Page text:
Equity in Education

Equity in education is a complex and thorny issue...

The topic has become a focus during the pandemic as students struggle to learn from home for a number of reasons.

Many are pointing out that it is important that teachers do not penalise students for their lack of access. Indeed, this is important. I fully endorse the notion.

However, it is also important that we do not penalise those who do have access for the lack of access of their peers...

The goal of equity is NOT to equalise outcome. It is to maximise outcome across the population.

This means that outcome might still differ between two students.

In short, if we identify a method of teaching and learning that is effective, but then find that some students are not able to benefit from it because of their underprivileged circumstances, our job is to help increase the access of the underprivileged students as much as possible while also supporting the more privileged students.

There is an attitude held by some that suggests that using approaches, methods or platforms that not all students can access is unfair, because it widens the gap between the haves and the have-nots, and therefore these approaches should be shelved in favour of alternatives that all students can access.

This is a mistake.

This knowingly restricts the learning of the “haves” in order that the “have-nots” not be left behind.

As much as I don’t want to see anybody left behind, the path to equity cannot be lowering quality and standards for everybody. The goal of equity should be minimising restrictions at every level, which means in the end, there will still be some differences in access between two students from differently restricted backgrounds.

For example, lets look at two students:

In this case, Student A obviously has fewer restrictions than Student B. If the school has the resources to lend both students laptops, then Student A is fully equipped to study from home, but Student B will still struggle without home internet and with less free time available.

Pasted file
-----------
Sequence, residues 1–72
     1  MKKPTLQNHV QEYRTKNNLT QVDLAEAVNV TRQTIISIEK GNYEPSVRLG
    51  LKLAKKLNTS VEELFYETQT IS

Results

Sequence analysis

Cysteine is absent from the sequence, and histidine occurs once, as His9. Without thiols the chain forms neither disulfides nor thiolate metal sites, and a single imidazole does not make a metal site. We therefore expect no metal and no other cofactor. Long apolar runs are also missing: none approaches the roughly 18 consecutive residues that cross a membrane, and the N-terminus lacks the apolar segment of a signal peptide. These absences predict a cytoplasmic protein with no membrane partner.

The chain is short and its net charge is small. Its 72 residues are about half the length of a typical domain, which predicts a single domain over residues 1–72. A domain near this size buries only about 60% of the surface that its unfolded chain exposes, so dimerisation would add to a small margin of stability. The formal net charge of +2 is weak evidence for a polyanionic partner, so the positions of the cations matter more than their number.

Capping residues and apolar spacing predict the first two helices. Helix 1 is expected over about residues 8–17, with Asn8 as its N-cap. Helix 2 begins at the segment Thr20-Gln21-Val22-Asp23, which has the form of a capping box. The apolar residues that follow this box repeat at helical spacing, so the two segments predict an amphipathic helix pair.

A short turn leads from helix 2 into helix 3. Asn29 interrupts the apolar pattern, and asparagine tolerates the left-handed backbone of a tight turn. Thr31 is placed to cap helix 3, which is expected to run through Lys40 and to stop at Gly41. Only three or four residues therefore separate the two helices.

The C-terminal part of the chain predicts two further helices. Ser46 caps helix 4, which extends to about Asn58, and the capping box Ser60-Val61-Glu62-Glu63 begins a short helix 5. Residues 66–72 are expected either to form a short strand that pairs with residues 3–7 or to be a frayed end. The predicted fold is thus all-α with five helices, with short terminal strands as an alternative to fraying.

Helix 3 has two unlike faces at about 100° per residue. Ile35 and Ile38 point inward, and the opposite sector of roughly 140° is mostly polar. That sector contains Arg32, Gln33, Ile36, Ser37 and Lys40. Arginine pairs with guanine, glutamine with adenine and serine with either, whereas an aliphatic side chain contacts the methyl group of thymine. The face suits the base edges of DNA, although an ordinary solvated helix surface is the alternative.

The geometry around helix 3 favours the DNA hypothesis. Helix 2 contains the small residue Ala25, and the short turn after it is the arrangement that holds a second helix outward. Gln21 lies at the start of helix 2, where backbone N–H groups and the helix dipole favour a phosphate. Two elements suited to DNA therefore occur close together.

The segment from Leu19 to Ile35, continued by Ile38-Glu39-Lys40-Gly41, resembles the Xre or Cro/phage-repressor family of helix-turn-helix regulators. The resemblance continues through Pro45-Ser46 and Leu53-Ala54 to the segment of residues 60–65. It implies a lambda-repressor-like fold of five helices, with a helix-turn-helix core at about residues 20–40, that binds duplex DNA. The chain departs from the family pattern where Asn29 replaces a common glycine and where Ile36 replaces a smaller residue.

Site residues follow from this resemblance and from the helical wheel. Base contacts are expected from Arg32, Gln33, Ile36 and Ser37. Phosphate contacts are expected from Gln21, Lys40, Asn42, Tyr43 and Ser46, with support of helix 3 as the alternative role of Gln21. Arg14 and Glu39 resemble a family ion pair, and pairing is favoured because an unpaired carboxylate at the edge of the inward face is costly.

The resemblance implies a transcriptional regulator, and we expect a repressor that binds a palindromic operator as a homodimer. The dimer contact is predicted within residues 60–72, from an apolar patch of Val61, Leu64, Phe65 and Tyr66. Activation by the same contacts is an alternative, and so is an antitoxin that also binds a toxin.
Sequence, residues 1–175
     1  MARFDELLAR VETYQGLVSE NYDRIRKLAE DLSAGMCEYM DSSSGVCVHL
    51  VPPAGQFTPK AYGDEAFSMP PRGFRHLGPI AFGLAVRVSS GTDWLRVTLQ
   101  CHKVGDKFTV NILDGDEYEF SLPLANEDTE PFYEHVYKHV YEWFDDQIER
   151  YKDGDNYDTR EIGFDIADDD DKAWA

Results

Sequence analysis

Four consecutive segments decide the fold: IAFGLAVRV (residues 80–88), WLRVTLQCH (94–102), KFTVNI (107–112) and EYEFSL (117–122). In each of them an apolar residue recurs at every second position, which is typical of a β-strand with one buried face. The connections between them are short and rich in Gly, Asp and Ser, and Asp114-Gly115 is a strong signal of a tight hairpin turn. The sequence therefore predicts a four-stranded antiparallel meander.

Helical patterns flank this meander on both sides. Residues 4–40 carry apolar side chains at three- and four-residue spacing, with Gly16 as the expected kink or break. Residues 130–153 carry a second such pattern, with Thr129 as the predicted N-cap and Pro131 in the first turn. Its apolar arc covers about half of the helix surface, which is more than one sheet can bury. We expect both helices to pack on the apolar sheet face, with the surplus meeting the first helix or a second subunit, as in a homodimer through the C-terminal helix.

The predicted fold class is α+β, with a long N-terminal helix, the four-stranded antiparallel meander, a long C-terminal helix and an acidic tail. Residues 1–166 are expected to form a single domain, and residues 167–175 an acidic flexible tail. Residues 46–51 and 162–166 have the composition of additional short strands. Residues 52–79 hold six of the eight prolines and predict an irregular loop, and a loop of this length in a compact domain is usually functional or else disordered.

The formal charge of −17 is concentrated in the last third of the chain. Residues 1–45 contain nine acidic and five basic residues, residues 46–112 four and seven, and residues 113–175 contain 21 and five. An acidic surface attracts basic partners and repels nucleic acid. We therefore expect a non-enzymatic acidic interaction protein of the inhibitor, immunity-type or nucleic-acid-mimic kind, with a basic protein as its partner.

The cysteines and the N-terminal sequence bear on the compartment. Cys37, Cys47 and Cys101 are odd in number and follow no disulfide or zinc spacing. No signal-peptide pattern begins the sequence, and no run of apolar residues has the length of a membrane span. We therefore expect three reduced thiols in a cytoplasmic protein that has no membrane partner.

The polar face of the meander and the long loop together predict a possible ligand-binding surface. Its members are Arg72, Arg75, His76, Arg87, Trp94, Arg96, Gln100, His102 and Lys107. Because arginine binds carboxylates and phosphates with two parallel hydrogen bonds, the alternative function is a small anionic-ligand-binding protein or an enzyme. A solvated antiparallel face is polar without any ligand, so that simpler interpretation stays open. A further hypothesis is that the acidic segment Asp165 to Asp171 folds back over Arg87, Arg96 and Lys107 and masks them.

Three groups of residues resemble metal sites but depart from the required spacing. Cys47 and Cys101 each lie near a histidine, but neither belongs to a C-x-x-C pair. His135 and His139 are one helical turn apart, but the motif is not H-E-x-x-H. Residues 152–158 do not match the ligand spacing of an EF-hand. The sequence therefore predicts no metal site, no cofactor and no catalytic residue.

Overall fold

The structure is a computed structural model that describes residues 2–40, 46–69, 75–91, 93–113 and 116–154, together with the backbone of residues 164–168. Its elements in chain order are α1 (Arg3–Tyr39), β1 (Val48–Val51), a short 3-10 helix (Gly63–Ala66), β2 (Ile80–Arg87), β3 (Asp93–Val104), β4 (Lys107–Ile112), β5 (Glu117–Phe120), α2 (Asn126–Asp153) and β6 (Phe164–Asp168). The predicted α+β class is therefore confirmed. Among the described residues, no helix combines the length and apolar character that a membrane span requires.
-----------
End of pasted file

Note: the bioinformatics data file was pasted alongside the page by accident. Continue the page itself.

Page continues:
Some might suggest that teaching online when you have a diverse student body split between these two demographics is unfair. It gives greater opportunity to one set of students, ultimately widening the attainment gap in favour of those who are more privileged. Therefore, the only fair thing to do is scrap the programme and look for a more equitable alternative.

This seems to me to be obviously flawed reasoning.

If it has been deemed that the most effective way to continue the students’ education is through this online programme, then the programme should be made available to as many students as possible, not kept away from all students for the sake of those who cannot access it.

And any students that do not have access should be supported by the school as much as possible through whatever other means are available.

I say again: The goal of equity measures should not be to equalise outcome by any means necessary but to maximise outcome for all.

This means, unfortunately, that some will be helped a little and others will be helped a lot. It means, unfortunately, that some who are already ahead will be facilitated to move even further ahead. That sounds unfair, I know, but it is not the students’ fault that they inhabit more fortunate circumstances, and they shouldn’t be penalised for being in a better condition just as their peers should not be penalised for being in a worse condition.

If you have a student in your lesson who gets the topic and one who is struggling, and they both have questions, the former a question that will take their understanding above and beyond your objective for the lesson and the latter a question that might make then reach your objective, you obviously don't ignore the first student's question to hold her back and make it fairer for the latter!

The challenge that faces educators and the education system is how to raise standards and access for everybody, not how to bring everybody to a middle ground to the benefit of some and the cost of others.

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